Actress awarded $5 million for ‘Melrose Place’ firing over pregnancy
LOS ANGELES (AP) _ Jurors who thought actress Hunter Tylo could still portray a sexy vixen while pregnant awarded her nearly $5 million on Monday for emotional distress and wages lost after being fired from ``Melrose Place.″
The 34-year-old actress contended in her breach-of-contract and pregnancy discrimination lawsuit that one of the producers of the steamy Fox TV show said: ``Why doesn’t she just go out and get an abortion? Then she can work.″
Ms. Tylo, who was fired in March 1996, pronounced the verdict a victory ``for every woman, for every child that’s not born.″
``I know a lot of actresses who are afraid to announce that they are thinking about having children because they are afraid of being written out or written down, or whatever,″ she said outside court. ``I hope it gives other actresses confidence to know producers are not going to have that ground to stand on anymore.″
The Superior Court jury of 10 women and two men ordered Spelling Entertainment Group and Spelling Television Inc. to pay $4 million for emotional distress and $894,601 for economic loss.
Spelling Entertainment attorney William Waldo said he will appeal.
Juror Pete Ortiz, 41, said the panel agreed that Ms. Tylo could play the role of seductress Taylor McBride despite her pregnancy.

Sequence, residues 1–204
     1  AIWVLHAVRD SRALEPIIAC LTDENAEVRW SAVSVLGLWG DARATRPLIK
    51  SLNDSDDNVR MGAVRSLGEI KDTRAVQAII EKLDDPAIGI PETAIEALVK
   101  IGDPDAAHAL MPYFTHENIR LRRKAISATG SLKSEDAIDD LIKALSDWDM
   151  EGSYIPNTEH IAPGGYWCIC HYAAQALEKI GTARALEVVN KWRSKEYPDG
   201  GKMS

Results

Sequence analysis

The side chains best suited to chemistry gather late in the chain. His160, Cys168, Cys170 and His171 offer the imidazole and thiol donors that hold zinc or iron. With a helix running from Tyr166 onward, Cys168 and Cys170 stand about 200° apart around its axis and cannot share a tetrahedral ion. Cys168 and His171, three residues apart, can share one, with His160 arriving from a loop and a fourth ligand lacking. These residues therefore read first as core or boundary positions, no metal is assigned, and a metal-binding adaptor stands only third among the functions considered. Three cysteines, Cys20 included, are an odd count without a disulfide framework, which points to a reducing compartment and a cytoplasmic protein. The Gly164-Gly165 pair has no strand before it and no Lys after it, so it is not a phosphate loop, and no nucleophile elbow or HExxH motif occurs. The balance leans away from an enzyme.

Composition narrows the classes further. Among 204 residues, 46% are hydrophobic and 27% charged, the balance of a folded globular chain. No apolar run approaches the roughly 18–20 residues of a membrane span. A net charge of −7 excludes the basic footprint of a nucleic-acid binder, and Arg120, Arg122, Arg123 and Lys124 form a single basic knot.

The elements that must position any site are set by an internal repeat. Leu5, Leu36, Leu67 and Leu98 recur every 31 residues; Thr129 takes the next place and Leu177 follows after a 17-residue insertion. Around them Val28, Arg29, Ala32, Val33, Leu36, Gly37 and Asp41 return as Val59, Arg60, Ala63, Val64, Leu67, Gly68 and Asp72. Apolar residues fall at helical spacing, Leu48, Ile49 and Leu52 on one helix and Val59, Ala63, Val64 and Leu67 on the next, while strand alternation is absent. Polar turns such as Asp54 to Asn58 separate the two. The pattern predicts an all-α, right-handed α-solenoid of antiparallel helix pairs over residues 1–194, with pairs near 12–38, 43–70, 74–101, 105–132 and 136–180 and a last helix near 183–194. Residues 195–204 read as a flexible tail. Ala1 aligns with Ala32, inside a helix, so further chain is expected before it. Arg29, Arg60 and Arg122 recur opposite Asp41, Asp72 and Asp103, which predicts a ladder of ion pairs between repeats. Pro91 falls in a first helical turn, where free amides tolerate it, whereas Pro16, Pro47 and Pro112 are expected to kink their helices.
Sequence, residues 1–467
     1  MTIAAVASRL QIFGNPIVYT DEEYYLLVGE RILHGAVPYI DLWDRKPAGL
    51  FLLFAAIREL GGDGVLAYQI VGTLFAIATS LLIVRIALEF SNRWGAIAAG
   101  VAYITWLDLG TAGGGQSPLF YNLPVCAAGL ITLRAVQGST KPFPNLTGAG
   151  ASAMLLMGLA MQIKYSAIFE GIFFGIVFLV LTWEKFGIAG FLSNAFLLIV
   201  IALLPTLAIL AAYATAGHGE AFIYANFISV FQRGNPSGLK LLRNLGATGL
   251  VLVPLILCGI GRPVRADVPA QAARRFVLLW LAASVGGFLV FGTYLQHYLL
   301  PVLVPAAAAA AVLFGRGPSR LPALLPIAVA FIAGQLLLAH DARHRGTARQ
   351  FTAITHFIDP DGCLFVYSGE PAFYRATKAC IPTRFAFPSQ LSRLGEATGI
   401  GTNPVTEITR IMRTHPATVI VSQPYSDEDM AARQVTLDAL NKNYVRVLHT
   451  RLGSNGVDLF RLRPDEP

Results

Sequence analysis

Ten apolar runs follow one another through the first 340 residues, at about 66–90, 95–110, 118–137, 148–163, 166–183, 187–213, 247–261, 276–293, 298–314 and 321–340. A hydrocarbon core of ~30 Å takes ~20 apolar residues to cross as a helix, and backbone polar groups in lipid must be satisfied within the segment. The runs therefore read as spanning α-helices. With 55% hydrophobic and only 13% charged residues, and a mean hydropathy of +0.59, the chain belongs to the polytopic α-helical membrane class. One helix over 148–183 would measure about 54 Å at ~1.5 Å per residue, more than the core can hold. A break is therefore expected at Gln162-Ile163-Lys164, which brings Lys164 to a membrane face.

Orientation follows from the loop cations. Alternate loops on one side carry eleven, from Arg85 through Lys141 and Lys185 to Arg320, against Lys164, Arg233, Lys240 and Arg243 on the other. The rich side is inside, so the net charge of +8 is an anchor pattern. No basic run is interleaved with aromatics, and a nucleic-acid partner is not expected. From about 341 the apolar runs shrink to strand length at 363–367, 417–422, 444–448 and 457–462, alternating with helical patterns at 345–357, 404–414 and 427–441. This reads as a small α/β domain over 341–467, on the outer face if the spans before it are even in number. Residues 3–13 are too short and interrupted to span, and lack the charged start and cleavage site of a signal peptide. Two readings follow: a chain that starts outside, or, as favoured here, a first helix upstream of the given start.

``We believe they violated the contract,″ Ortiz said. ``We felt she could play a vixen _ that’s a word that came up during our deliberations _ and that she could do the job.″
The producers contended they had a legal right to fire Ms. Tylo because she couldn’t realistically play what a Spelling attorney called a ``vixen, seductress, adulteress″ while her pregnancy showed.
The producers pointed to a clause in the contract allowing them to fire her if her appearance changed, and argued that pregnancy-discrimination law carves out an exception for actresses because of the need for dramatic believability.
Ms. Tylo was fired before she ever appeared on ``Melrose Place.″ She returned to her job on the daytime CBS soap ``The Bold and the Beautiful,″ where she plays a sexy psychologist.
She said the ``Melrose Place″ producers could have used TV magic, including body doubles and creative camera angles, to hide her pregnancy, as they did with the show’s star, Heather Locklear.
The jury’s decision could affect the entire entertainment industry, where appearances often count more than talent, but none more so than television, where actors can stay in roles for years, said Dana Kornbluth, a publicist for Warner Vision, a division of Warner Home Video.
``I would hope that when someone is hired for a part, they are hired for their talent and that a producer would work around them,″ Kornbluth said. ``But I think going into a show with a new role is a different story.″
To underscore her point that she could be pregnant and sexy at the same time, Ms. Tylo _ who is in her eighth month of another pregnancy _ wore tight miniskirts to court each day. Her pregnancy barely showed.
In a deposition read in court, Spelling said producers never considered using a body double for Ms. Tylo.
The deposition also included a letter from executive producer Frank South, who told Spelling it was ``not dramatically sensible″ to have a woman who is five months pregnant ``rolling around in bed with our stars.″